Pluto and Charon are growing larger in New Horizons' forward view, beginning to develop distinct personalities. Pluto: larger, brighter, but with dark splotches on its surface. Charon: smaller, dimmer, its features still hidden. Here's the very latest from the New Horizons raw image website: the best image ever taken of Pluto and Charon.
NASA / JHUAPL / SwRI / Emily Lakdawalla
New Horizons' view of Pluto on June 9, 2015
Pluto and Charon as seen by New Horizons on June 9, 2015, from a distance of 42 million kilometers. Three 100-millisecond exposures were enlarged and then stacked to reduce JPEG artifacts, then downsampled to the original resolution.
If you're an image processing magician like Björn Jónsson, you can take several images like these and stack and sharpen them to reveal more detail than can be perceived in any single photo. Björn took four images from June 6 and produced this.
NASA / JHUAPL / SwRI / Björn Jónsson
New Horizons' view of Pluto on June 6, 2015
New Horizons captured the four images used to make this view on June 6, 2015 from a distance of 46 million kilometers. Four images have been stacked and sharpened. The dark line running across Pluto is likely a real feature, not a processing artifact. Charon is still too small for any apparent features to be definitively discerned.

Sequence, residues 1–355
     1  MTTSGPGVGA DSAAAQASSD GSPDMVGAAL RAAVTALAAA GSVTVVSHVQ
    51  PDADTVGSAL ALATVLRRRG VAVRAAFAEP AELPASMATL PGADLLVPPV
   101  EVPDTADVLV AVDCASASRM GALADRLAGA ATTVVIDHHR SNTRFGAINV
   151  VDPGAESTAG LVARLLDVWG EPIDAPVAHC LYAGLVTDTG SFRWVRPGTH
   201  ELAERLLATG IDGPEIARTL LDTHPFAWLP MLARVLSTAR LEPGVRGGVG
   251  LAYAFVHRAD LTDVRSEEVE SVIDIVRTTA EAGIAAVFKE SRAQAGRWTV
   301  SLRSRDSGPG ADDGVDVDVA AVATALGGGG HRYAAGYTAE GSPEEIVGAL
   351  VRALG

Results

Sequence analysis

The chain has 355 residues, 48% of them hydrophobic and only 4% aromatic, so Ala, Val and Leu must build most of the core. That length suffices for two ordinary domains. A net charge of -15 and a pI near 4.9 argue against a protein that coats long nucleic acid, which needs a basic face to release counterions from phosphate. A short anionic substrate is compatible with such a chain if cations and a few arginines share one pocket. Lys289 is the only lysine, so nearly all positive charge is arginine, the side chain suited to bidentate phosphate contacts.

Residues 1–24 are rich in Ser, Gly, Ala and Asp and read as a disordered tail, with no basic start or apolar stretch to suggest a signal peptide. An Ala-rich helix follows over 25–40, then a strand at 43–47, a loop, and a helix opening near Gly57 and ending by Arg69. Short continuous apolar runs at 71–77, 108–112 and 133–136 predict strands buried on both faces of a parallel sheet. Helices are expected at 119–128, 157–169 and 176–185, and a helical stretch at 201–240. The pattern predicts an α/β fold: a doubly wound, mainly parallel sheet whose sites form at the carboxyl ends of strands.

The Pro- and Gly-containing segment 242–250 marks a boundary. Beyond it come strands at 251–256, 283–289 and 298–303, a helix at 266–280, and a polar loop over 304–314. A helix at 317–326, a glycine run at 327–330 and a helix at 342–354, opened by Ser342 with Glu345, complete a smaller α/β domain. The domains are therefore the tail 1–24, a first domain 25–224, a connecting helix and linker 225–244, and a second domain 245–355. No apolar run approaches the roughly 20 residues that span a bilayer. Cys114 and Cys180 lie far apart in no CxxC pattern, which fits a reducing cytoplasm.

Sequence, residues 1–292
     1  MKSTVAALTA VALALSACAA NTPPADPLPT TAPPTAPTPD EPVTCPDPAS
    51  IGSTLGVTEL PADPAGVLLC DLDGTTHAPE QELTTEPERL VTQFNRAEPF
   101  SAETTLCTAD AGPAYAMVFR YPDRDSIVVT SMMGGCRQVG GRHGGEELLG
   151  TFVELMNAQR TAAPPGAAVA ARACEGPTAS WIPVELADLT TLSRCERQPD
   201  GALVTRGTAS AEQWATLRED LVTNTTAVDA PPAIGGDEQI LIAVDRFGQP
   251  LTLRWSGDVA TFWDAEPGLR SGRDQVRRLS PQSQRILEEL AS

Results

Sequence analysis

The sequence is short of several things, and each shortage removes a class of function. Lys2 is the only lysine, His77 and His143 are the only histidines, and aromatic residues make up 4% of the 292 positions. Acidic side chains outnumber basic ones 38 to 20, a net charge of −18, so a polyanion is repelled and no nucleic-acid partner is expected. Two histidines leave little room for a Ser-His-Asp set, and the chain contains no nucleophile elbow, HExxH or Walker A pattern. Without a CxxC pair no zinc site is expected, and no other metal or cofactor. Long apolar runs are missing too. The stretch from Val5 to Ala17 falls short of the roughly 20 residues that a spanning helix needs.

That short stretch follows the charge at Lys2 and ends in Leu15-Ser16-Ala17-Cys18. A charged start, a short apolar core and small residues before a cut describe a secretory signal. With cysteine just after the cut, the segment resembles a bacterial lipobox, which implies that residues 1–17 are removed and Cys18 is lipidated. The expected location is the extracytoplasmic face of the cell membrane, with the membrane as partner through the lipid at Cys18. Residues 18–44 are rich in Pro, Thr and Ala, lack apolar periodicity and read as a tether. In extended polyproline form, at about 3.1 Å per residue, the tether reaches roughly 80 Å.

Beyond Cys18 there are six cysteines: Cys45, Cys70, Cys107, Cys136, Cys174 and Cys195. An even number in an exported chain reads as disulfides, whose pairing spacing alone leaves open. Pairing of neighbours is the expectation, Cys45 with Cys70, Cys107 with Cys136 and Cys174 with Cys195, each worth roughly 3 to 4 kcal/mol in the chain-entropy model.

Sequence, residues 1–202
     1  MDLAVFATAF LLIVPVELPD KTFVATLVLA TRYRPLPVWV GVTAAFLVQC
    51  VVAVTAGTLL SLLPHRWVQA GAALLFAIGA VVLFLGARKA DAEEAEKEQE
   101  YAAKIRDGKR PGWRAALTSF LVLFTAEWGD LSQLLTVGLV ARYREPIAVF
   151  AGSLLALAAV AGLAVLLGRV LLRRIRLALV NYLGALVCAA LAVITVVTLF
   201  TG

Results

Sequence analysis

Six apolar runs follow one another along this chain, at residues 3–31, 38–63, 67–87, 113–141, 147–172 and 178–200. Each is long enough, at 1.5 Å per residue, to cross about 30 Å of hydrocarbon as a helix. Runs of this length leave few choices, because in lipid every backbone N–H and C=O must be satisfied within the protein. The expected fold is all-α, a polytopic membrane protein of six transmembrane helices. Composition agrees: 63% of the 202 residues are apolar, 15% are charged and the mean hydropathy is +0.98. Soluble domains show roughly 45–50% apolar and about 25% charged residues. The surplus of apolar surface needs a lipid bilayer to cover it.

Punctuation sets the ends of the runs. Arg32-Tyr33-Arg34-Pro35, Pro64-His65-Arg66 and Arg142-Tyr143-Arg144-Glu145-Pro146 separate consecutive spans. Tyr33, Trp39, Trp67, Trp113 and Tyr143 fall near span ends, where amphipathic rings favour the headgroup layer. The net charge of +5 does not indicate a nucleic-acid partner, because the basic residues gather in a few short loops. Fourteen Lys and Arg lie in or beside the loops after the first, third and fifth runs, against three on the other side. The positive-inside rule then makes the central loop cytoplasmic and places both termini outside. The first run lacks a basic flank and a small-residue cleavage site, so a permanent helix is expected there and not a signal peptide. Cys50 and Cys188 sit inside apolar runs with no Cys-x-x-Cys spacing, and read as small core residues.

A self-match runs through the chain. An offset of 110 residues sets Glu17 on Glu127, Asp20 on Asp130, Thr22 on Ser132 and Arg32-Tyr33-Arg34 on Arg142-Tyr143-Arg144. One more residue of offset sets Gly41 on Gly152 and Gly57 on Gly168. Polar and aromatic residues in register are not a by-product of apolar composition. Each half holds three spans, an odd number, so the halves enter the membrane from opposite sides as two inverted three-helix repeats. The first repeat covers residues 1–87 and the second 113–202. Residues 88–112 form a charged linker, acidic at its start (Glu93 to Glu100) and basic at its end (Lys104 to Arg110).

See that diagonal line running across it? Björn is certain that it's an actual feature. Yay! Dark lines criscrossing a disk! It's the discovery of canali on Pluto! We have reached Schiaparelli-quality mapping of Pluto's surface!
I am not entirely joking when I evoke Martian canali here. Schiaparelli was one of the great astronomers of his day. Many of his peers also saw canali on Mars, including Percival Lowell, whose name graces the observatory that was used to discover Pluto. I find it fitting that the first new "feature" observable on Pluto is an enigmatic dark line, recapitulating the history of the exploration of Mars and Venus. Fortunately, we need only wait a few weeks more to learn whether the line is an artifact built by an alien civilization to transport valuable liquids across the Plutonian surface* -- or if it's something else entirely. My money is on the latter!
Via Sky and Telescope and Phil Stooke
Canali on Venus
Percival Lowell mapped Venus in 1896, observing the same kinds of canali on it that he saw on Mars.
* Just in case it's not painfully obvious: this is a joke!! I hate that I even have to write that, but this is the Internet, so....